How healthy are your nails? Nails are made of keratin, just like hair and some skin layers, and they protect the tips of the fingers from trauma. Unfortunately, they’re susceptible to many different diseases and disorders.
- Nail discoloration: If the nails become discolored, it could be due to smoking tobacco, using dyes, certain medications, infections of or injury to the nail bed, or illness. More than half of cases of nail discoloration are due to fungal infections, which turn the nails yellowish-brown and can be treated with oral or topical medications.
- Bacterial Paronychia: If the proximal or lateral nail folds, which act as a barrier between the nail plate and the surrounding tissue, become broken or torn, bacteria can enter the area. This causes a bacterial paronychia infection, with pain, redness, swelling, and may cause pus buildup under your skin. It’s contagious, but a dermatologist can drain any pus and treat the infection with an antibiotic.
- Ingrown Nails: Nails can grow into the skin at the side of the nail, causing pain and vulnerability to infection. This can occur if the nail curves inward too sharply, if toenails are not cut straight across or fingernails without a gentle curve, from trauma or from wearing tight footwear. A dermatologist can help by lifting the edge of the nail from the surrounding skin or removing the ingrown section.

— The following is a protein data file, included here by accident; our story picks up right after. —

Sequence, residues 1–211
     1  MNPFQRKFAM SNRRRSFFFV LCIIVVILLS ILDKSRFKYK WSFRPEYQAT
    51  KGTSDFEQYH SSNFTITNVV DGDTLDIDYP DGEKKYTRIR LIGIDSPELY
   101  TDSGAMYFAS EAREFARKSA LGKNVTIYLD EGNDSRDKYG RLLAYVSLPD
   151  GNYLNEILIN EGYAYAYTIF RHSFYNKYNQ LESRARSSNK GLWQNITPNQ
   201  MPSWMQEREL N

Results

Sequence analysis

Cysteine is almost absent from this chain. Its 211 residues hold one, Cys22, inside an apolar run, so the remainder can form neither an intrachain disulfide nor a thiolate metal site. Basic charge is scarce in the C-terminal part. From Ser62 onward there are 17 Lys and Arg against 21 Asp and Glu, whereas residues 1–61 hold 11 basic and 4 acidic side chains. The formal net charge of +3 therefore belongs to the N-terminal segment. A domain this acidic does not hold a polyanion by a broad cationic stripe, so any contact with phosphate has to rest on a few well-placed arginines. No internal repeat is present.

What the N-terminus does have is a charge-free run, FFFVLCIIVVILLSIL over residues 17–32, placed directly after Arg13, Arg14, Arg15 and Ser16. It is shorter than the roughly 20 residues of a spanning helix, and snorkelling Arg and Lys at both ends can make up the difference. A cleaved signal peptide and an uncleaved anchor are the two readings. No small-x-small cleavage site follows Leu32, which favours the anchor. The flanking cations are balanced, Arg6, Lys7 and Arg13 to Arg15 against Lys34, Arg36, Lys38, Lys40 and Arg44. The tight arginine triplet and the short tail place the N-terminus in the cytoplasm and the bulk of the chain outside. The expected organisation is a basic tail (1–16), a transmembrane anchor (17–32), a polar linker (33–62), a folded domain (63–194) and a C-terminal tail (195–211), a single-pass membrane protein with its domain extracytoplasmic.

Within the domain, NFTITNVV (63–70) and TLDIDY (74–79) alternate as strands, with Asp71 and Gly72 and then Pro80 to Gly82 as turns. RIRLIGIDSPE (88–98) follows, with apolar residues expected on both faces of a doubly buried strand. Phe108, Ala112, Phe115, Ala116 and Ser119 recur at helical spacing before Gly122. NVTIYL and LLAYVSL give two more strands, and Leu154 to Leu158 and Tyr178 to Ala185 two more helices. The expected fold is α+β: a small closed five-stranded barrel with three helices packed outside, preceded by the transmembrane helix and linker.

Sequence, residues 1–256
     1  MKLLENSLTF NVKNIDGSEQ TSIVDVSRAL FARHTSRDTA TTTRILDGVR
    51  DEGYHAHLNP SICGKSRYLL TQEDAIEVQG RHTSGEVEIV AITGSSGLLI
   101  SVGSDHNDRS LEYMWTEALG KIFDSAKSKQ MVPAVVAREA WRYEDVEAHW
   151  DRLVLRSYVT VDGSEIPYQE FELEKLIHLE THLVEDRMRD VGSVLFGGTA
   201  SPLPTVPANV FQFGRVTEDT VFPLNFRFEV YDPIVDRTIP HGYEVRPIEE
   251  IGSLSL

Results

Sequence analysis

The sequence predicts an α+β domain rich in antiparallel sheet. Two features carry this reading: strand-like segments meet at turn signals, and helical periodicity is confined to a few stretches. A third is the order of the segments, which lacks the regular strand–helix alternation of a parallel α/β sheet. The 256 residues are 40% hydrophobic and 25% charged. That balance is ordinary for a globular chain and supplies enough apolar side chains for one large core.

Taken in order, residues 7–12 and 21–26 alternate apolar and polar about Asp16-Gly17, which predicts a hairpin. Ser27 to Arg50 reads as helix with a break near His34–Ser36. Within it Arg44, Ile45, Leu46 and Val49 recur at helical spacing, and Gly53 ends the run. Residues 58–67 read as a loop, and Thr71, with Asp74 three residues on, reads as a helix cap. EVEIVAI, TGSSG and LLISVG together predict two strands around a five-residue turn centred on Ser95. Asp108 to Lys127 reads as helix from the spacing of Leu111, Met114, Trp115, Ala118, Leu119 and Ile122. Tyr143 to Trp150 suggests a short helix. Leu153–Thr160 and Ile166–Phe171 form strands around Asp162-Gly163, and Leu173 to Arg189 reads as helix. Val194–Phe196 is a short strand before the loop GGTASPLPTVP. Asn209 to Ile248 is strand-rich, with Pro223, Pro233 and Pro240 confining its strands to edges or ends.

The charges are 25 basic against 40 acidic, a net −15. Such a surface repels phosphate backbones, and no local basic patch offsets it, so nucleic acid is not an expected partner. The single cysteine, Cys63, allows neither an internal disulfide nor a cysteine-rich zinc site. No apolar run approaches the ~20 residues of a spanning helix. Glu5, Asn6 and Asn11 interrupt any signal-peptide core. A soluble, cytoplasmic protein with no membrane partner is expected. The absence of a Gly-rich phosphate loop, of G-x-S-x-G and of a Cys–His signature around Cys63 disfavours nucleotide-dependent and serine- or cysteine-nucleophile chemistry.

- Nail Ridges: If your nails develop ridges, it could be the result of a skin condition like eczema or dryness, or one of a variety of metabolic disorders. To treat ridges in your nails, see an experienced dermatologist who can determine and treat the root cause of the problem.
- Thickened Nails: Injuries, fungal infections, and certain illnesses can cause nails to thicken or become ridged, brittle, or discolored. Thick nails can sometimes be thinned, or part or all of the nail may need to be removed. If infection caused the thickening, medication may be prescribed.
- Onycholysis: This condition, the separation of the nail from the nail bed, can be caused by skin disease, infection, or injury. A dermatologist can clip the entirety of the unattached nail and may prescribe medication.
- Skin Cancer Under the Nail: Subungual melanoma is sometimes hard to detect without help from a dermatologist. It can look like bruising but needs to be treated early to prevent the spread of cancer.
If you need help caring for your nails, Swinyer-Woseth Dermatology is committed to providing superior, professional care that’s efficient and compassionate. With over 30 years of experience providing dermatological services in Salt Lake City, we provide a variety of services, from cosmetic skincare to treatment for skin cancer. Our team of board-certified dermatologists and licensed cosmetic service providers, along with our friendly staff, are here to provide you the care you need in a comfortable and professional atmosphere. For more information or to schedule an appointment, contact us through our website or call (801) 682-4715 today.